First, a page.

The climate in the Galapagos Islands is equatorial, cooled by the Humboldt Current, and is characterized by two main seasons: the warm, wet season (January to April) and the cool, dry season (May to December). Keep in mind that between June to November, the weather can be cool and the water quite cold despite its proximity to the Equator.
Important: Baggage restrictions on the domestic flight to the Galapagos
You can check-in 1 bag of 50 pounds per person and have one carry-on of 17 pounds per person to Galapagos . There is also luggage storage in the airport that is open 24/7 where it would be best to leave any extra bags, with the following rates:
Small carry-on bag $8/24 hours
Medium $11/ 24 hours
Large $15/ 24 hours
If you have more than 5 bags you will receive a 20% discount.
Suggested Packing List:
Must - Haves:
Face Masks, one for each day of your trip, per person
One refillable water bottle (fill up before you leave each day)
Day bag ( important for carrying sunblock, water bottle, snacks, and change of shoes)
Work Gloves. This will come into use when pulling plants for the service project.
Passport. Must be valid for up to 6 months after your scheduled departure date from Ecuador.
Rain coat (light weight, water resistant)
A warm sweatshirt / fleece (it can get cool at night especially during the Southern Hemisphere winter)
Gym / sportswear (for nature walks / service)
Long pants that dry well (not jeans – for the volunteer project)
Undergarments & socks
Bathing suits (we recommend at least two so one is always dry)
Hat & handkerchief / bandana (lots of sun!)
One pair of flip flops / closed-toed shoes that can get wet (ideally with a sturdy bottom for disembarking boats on slippery surfaces)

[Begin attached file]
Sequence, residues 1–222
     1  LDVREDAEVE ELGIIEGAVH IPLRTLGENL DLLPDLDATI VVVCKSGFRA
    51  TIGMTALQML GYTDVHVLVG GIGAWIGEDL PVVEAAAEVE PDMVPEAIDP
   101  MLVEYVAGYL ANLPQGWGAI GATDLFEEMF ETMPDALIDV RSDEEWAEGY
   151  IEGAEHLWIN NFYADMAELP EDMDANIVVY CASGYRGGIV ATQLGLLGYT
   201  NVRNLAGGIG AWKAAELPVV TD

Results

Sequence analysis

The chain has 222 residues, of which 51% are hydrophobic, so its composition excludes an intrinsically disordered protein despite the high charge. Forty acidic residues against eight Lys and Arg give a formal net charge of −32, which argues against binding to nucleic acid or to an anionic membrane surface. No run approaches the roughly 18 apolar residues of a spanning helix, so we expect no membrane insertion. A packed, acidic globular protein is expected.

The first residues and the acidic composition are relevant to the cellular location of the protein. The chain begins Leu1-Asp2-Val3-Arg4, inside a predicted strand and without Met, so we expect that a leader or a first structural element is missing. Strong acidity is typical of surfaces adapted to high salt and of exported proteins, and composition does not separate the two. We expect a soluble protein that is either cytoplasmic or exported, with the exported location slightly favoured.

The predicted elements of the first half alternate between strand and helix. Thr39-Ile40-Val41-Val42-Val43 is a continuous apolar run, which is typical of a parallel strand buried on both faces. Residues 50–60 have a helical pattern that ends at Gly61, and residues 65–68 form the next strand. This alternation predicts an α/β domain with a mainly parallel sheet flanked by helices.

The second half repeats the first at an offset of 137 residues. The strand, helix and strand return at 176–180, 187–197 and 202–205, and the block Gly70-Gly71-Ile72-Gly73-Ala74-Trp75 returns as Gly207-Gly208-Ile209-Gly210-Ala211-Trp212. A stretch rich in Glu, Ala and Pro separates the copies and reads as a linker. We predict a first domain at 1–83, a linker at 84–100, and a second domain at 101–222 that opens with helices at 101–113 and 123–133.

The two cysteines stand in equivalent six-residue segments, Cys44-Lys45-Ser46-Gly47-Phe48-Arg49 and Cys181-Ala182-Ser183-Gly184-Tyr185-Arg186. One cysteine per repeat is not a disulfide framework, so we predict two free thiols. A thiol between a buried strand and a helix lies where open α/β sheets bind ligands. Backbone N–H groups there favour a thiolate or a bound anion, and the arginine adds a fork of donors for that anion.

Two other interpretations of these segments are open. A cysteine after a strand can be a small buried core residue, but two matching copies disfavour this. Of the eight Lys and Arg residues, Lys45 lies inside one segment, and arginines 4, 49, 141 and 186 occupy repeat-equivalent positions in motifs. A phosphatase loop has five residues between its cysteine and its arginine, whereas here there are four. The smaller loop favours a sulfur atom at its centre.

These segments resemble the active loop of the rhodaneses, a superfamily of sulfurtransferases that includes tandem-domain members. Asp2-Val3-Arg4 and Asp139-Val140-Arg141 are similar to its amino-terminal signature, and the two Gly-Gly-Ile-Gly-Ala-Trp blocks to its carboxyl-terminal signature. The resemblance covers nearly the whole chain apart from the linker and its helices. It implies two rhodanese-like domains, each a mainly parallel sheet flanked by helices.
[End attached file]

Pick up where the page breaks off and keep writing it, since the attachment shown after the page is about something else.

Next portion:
One pair of tennis shoes (these are for hiking/day-to-day activities)
Bath / Personal:
Prescription sea sickness pills or patch (“sea bands” are recommended) if necessary
Dramamine (we spend lots of time on the sea)
Please note: Snorkel gear is provided during time on boats. If you want to snorkel outside of the scheduled times in the itinerary, you can bring your own gear to snorkel off the beach. For children, an “easy snorkel” may be a good idea to bring.
Wetsuits are available for rent if needed. $10 per day, in cash. Also, if you are traveling with young children keep we would recommend bringing a wetsuit that fits them well.
Binoculars (especially for Amazon Extension)
Books and/or magazines
Light day bag or pack (small backpack would be ideal)
Sunglasses, particularly if you’re sensitive to sunlight
Personal snacks that you may need or crave (such as granola bars or power bars).
Disposable camera, film camera or digital camera - and film or memory card(s) for digital camera
Beach towel (hotel has them if needed)
*We advise that you should bring enough lightweight clothes to avoid having to do laundry during the trip.
*You will not need a power adapter in Ecuador. Plugs are the same as in the U.S. with 120V.